From the report of Dr. A. R. Levy, as superintendent of the new organization to aid the Russian refugees that come to Chicago. "Our work in its various phases has ...

    Jewish
    II D 1, II D 8, II A 1
  • Reform Advocate -- October 03, 1891
    (No headline)

    From Dr. A. R. Levy's report as superintendent of the new organization to aid the Russian refugees that come to this city.

    "During the first half of the present month, our board listened to 58 applications, 38 of these were families with children comprising in all 187 souls. The balance of 20 applications were either of families without children or individuals making an aggregate of 212 persons; 23 families were assisted with one month's rent for their respective homes and some provided with furniture. Work has been found for nearly all of the heads of families."

    Each day of the week, two or three members of the Advisory Board are at the office, 493 S. Jefferson Street, from 9 - 12 o'clock to listen to the applications taken by the superintendent. The Zion Personal Service Society is represented daily by two ladies. The Advisory Board meets every Monday afternoon at 4 o'clock and the Executive Committee the same night at 8 o'clock. The Sheltering Society meets once a week and is presided over by Mr. J. Lewis.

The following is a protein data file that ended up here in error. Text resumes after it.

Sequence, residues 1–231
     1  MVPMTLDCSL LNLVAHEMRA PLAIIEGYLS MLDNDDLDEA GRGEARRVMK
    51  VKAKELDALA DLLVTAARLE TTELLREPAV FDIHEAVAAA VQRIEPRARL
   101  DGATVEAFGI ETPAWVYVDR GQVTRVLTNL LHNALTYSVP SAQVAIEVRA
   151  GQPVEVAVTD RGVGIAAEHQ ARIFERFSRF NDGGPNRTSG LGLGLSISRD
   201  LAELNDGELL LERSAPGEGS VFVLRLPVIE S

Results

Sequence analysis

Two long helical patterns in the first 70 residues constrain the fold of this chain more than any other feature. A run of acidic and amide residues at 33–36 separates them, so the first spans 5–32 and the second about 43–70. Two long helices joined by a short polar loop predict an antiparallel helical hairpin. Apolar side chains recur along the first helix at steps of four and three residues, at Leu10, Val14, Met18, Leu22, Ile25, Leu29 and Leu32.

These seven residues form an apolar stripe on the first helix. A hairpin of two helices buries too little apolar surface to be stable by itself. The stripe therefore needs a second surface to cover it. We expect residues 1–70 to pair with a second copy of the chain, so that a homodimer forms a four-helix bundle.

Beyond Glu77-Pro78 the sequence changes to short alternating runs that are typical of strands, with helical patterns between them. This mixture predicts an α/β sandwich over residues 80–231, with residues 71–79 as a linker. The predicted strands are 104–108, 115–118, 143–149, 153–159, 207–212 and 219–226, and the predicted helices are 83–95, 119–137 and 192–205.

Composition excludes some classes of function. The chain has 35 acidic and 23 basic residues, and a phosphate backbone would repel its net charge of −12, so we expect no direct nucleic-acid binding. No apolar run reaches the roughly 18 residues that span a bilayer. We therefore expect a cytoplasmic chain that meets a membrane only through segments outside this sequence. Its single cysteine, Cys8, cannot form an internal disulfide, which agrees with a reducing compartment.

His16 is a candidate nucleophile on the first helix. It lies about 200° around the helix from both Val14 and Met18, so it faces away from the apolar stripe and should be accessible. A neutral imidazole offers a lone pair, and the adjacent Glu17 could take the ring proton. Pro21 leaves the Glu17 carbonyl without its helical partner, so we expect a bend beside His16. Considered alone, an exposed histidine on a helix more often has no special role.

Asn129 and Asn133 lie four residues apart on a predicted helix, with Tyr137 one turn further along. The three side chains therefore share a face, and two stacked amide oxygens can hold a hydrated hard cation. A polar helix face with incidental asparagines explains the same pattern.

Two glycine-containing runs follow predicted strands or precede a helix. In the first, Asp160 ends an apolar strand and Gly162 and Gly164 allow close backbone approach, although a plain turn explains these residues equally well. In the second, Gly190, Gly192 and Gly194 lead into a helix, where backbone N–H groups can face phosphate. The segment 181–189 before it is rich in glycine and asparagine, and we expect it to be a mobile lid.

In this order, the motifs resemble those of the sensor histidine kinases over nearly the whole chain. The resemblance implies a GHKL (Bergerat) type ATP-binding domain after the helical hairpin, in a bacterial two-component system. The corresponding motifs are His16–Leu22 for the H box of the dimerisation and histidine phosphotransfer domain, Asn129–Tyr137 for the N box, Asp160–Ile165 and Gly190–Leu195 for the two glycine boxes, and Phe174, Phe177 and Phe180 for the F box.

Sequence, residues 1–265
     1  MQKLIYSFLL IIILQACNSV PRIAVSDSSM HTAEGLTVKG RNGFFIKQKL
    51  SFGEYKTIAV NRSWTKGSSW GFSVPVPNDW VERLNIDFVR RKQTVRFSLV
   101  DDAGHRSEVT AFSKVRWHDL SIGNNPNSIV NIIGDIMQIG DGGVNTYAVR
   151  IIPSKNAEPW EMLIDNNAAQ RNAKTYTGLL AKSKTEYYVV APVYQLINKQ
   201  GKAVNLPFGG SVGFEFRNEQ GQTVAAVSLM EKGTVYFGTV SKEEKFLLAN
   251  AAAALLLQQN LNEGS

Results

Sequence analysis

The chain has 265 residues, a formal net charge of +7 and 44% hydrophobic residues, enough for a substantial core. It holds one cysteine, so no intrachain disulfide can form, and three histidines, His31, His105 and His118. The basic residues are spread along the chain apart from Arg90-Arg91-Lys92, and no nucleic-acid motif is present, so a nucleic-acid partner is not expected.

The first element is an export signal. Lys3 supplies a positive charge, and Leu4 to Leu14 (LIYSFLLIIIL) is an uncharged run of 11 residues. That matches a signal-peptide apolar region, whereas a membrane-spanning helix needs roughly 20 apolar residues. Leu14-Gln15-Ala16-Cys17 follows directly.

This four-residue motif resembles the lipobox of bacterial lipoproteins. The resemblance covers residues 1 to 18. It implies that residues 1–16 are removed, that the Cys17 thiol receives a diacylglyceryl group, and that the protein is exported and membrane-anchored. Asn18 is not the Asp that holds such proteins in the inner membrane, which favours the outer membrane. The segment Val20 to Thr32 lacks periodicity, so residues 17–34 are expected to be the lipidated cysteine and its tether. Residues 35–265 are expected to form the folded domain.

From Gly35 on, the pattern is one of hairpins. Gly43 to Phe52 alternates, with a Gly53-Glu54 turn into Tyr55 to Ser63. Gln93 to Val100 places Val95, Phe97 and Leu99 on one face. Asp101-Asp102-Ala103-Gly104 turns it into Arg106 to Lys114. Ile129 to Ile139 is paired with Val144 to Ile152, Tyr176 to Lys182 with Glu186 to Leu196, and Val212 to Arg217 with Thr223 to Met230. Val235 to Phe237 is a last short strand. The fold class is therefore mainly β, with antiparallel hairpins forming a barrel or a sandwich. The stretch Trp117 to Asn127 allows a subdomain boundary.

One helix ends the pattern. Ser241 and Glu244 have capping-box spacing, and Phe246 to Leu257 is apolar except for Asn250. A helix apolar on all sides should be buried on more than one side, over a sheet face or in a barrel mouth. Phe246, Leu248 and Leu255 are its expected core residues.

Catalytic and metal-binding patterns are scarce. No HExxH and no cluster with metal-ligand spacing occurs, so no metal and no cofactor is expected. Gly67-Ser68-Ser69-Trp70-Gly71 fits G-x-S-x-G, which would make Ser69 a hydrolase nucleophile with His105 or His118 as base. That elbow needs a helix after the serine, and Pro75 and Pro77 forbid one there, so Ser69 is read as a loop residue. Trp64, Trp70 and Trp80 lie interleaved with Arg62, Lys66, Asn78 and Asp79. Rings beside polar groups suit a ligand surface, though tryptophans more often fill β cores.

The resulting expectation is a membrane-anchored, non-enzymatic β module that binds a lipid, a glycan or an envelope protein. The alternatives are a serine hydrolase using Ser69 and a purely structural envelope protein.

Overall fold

From Dr. A. R. Levy's report as superintendent of the new organization to aid the Russian refugees that come to this city. "During the first half of the present month, ...

    Jewish
    II D 1, II D 8, III G
  • Illinois Staats-Zeitung -- December 21, 1891
    Banishment of Jews from Russia. about 7000 Jews Have Found Refuge in Chicago During the Past Year

    Since the first of August about 1,500 Russian Jews have been seeking and have found refuge in Chicago. They were banished from their homes and property in Russia, and had to escape the wrath of the Czar.

    Without means, unable to speak English, unfamiliar with our customs and habits, they came to the shores of Lake Michigan, trusting fully in the famous and proverbial charity, the readiness to help of those of their race and faith, who were able to do so.

    2

    Astonishingly large is the number of these unfortunate, banished Jews!

    The Russian tyrant considered them the worst criminals, because they dared to be loyal and devoted to the faith of their fathers. During the period from August 1, 1890 until August 1, 1891 about 54,000 banished and exiled Jews landed in New York, and until December 1, approximately 11,000 additional arrived. About 7,000 of these came to Chicago.

    3

    In the beginning, as thousands of the unfortunate Jews arrived, the native co-religionists were completely unprepared to render the necessary aid. To cope with such mass-misery, to protect them from hunger and disease, and to provide jobs for them, could be done only by organized charity.....